TribLIVE

| USWorld

 
Larger text Larger text Smaller text Smaller text | Order Photo Reprints

Accord reached on bipartisan immigration measure

Email Newsletters

Click here to sign up for one of our email newsletters.

Daily Photo Galleries

'American Coyotes' Series

Traveling by Jeep, boat and foot, Tribune-Review investigative reporter Carl Prine and photojournalist Justin Merriman covered nearly 2,000 miles over two months along the border with Mexico to report on coyotes — the human traffickers who bring illegal immigrants into the United States. Most are Americans working for money and/or drugs. This series reports how their operations have a major impact on life for residents and the environment along the border — and beyond.

By Reuters
Thursday, May 16, 2013, 8:06 p.m.
 

WASHINGTON — A bipartisan group of lawmakers in the House of Representatives said on Thursday it has reached a tentative deal to revamp the immigration system despite disputes over a temporary worker program and health care benefits that threatened to derail its efforts.

“We have essentially come to an agreement on all the major points,” Rep. John Yarmuth, D-Ky., told reporters after a two-hour meeting with six other Democratic and Republican lawmakers.

The bipartisan group has been attempting to introduce an immigration bill for years. But disputes over border security, work visa numbers and health care provisions had grown to the point that there were fears some lawmakers might be on the verge of dropping out of the long negotiations.

Yarmuth said there still were some “loose ends” but said that they were not major disagreements.

None of the lawmakers would provide details of the deal to reporters.

The group had been arguing over the “triggers” that would define when additional border security steps under the legislation would be sufficient to start legalizing some of the 11 million unauthorized foreigners, sources said.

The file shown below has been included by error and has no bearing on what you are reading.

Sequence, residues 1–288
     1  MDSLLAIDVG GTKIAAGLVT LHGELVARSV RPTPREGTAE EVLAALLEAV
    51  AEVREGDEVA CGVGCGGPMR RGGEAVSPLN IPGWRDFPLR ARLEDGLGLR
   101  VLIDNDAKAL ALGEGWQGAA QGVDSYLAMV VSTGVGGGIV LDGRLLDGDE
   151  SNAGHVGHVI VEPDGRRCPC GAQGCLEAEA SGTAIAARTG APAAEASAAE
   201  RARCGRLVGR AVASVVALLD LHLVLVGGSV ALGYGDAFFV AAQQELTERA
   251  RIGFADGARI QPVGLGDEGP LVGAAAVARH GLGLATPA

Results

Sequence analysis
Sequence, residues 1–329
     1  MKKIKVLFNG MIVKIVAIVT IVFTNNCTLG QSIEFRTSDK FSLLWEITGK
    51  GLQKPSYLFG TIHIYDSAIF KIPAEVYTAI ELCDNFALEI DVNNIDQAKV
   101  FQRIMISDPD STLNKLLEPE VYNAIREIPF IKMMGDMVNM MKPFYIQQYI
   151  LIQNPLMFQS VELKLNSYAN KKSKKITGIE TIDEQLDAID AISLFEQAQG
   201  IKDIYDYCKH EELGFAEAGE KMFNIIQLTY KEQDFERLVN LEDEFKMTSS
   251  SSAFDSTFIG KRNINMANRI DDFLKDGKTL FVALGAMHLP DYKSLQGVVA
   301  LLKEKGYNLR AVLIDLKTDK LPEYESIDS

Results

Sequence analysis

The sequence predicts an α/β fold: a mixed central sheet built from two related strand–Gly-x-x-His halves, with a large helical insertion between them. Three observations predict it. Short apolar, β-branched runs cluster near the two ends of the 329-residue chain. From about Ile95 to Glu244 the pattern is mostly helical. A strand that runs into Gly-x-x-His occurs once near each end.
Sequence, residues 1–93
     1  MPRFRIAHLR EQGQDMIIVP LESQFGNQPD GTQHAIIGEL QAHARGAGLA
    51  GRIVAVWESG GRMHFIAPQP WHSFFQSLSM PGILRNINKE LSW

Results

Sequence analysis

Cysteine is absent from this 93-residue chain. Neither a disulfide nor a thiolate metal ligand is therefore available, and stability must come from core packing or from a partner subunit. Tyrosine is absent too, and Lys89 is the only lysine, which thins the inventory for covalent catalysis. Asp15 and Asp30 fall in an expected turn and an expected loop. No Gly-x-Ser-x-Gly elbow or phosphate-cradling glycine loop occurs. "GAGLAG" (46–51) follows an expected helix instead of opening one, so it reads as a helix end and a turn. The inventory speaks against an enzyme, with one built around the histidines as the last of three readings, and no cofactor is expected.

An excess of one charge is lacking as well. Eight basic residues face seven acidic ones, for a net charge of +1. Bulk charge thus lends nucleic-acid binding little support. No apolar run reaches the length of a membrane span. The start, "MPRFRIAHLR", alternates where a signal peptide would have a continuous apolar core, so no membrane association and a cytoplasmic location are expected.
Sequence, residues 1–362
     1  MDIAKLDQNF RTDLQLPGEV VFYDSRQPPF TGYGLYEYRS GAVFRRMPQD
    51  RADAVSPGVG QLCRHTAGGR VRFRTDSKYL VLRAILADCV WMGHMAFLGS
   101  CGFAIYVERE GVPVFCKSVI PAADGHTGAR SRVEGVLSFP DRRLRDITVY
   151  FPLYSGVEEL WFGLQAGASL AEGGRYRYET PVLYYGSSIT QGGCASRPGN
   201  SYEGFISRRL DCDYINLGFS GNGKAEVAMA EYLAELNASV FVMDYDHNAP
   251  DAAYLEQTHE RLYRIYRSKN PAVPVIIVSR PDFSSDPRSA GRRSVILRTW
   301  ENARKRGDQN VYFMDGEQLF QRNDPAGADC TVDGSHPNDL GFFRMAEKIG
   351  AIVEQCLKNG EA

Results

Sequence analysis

There was disagreement over other policy issues central to an immigration bill, including the number of foreign high-tech workers who would be allowed in, as well as low-skilled construction and service industry laborers.

A separate bipartisan bill is being debated in the Senate Judiciary Committee with the goal of bringing a bill before the full Senate next month.

That panel is struggling with the work visa program in the bill and is under intense pressure from technology companies to make it easier to hire foreign workers.

Subscribe today! Click here for our subscription offers.

 

 


Show commenting policy

Most-Read Nation

  1. Cat found alive aboard sunken boat pulled from Lake Havasu
  2. Conservation group reports pollution high in state parks
  3. Medicare patients’ outcomes improve
  4. They still have snow in Buffalo
  5. Backers of Colo. school board recall claim 90K signatures
  6. Oklahoma earthquakes shut down wells
  7. Pollard, spy for Israel in the 1980s, to be released from prison
  8. GOP says there’s no deal with Clinton on Benghazi testimony
  9. Artists’ community in Calif. reeling after girl’s death; teen boy arrested
  10. Congress embraces highway bill
  11. House skeptical but reserved on Iran deal